Online and print resources for the study of law.

Statutory Law Sources

BILLS AND LEGISLATIVE HISTORIES: The introduction of a bill in Congress is the first step in the legislative process.  Comprehensive legislative histories provide a listing of all the hearings, reports, and debate that occurs from the time a bill was introduced until it becomes a public law.  To track a bill or read a full legislative history please see:

  1. ProQuest Congressional
    Most comprehensive collection of all publications that make up the legislative process.  Take advantage of the advanced searching capabilities to look specifically for bills and related hearings, CRS Reports, legislative histories and the Serial Set.  All sources are searchable back to their inception.

  2. ProQuest Legislative Insight
    Is a Federal legislative history service that makes available thoroughly researched compilations of digital full text publications created by Congress during the process leading up to the enactment of U.S. Public Laws. The following document types may be included in a legislative history:  bills, reports, documents, hearings CRS reports, committee prints, Congressional Record sections), Presidential Signing Statements, and Statutes.  Coverage includes the 1st Congress in 1789 – the 116th Congress, 2019.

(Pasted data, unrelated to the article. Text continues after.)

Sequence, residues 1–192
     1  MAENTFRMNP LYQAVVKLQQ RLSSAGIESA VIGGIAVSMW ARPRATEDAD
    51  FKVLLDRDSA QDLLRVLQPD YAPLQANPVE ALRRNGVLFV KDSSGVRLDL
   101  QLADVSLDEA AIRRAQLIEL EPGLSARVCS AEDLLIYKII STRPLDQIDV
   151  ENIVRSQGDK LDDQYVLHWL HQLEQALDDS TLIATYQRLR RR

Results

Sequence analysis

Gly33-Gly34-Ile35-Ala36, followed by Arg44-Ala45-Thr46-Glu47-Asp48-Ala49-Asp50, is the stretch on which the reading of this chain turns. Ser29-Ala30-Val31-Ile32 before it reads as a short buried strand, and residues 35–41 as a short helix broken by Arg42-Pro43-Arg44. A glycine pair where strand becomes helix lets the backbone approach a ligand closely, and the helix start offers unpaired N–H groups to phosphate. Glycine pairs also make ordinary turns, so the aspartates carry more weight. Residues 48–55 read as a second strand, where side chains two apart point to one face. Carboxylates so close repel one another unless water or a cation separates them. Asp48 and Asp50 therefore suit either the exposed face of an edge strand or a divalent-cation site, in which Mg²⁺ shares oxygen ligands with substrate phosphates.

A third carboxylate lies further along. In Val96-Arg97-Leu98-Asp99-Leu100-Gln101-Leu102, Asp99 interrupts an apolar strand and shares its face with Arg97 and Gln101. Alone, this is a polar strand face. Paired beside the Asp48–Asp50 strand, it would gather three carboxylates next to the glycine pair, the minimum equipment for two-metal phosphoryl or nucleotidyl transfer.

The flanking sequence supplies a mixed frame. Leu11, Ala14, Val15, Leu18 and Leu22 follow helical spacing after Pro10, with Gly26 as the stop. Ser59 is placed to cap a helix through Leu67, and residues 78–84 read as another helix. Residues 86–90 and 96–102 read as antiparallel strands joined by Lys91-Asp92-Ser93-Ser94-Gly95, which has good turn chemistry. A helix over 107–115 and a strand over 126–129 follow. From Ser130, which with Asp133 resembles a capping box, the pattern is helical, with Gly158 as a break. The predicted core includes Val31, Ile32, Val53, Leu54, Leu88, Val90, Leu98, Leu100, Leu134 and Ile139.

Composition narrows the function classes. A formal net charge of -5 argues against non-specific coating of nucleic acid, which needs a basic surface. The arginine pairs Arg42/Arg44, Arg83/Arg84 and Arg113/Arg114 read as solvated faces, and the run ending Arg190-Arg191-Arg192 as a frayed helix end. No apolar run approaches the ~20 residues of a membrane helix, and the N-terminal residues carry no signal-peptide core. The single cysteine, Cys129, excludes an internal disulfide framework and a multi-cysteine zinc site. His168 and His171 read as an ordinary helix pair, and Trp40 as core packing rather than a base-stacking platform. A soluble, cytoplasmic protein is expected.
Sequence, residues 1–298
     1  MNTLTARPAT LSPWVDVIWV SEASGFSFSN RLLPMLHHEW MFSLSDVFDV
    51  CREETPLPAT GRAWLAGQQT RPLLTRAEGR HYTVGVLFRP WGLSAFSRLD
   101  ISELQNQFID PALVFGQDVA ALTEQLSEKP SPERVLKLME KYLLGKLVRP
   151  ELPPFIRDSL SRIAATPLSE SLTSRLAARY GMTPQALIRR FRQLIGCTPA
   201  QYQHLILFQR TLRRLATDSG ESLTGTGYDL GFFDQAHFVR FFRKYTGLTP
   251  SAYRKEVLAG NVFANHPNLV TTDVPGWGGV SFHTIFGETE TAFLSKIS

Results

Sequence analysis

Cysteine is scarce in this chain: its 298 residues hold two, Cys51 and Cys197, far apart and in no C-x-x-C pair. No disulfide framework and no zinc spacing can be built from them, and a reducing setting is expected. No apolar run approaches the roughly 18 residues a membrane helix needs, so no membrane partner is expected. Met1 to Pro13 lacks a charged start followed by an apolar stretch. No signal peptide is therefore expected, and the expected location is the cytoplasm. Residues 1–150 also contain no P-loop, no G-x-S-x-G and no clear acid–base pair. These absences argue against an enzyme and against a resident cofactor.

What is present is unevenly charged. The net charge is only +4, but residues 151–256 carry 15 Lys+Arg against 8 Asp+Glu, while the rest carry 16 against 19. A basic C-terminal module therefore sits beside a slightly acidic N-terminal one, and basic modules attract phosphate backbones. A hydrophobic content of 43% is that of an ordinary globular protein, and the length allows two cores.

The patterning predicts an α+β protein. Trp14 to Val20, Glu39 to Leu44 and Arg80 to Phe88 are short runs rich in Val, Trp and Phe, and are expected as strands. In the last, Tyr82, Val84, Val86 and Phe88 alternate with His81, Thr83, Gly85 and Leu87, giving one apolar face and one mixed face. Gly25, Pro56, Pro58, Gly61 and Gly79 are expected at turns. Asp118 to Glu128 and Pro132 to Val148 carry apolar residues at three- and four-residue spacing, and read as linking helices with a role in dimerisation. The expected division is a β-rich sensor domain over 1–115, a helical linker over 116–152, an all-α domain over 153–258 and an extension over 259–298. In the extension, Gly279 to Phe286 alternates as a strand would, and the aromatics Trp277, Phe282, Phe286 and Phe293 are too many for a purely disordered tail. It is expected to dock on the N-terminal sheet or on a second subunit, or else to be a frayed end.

3. Congress.Gov
    A legislative tracking tool from the Library of Congress with selective access to legislative materials.  It is particularly excellent for bill tracking in the current Congress.  Content is accessible back to the 93rd Congress (1973-1974).

PUBLIC LAWS, STATUTES AT LARGE AND THE U.S. CODE: When a law is first passed, it is printed individually in slip law format.  At the end of each congress, the slip laws are bound together in chronological order and published in the U.S. Statutes at Large.  Every six years public laws are incorporated into the United States Code, which is a codification of all general and permanent laws of the United States.  The U.S. Code is arranged by topic, and shows the present status of laws (including amendments.

  1. Westlaw
    Under Statues and Regulations, you can either select the United State Code Annotated and use the search box(es) to search by keyword.  Or you can opt to browse through the Table of Contents.  LexisNexis offers a little more functionality in searching in that you can searching within specific topical sections of the code. 
  2. Hein Online
    Also includes an extensive collection of state government sessional laws.
  3. Nexis Uni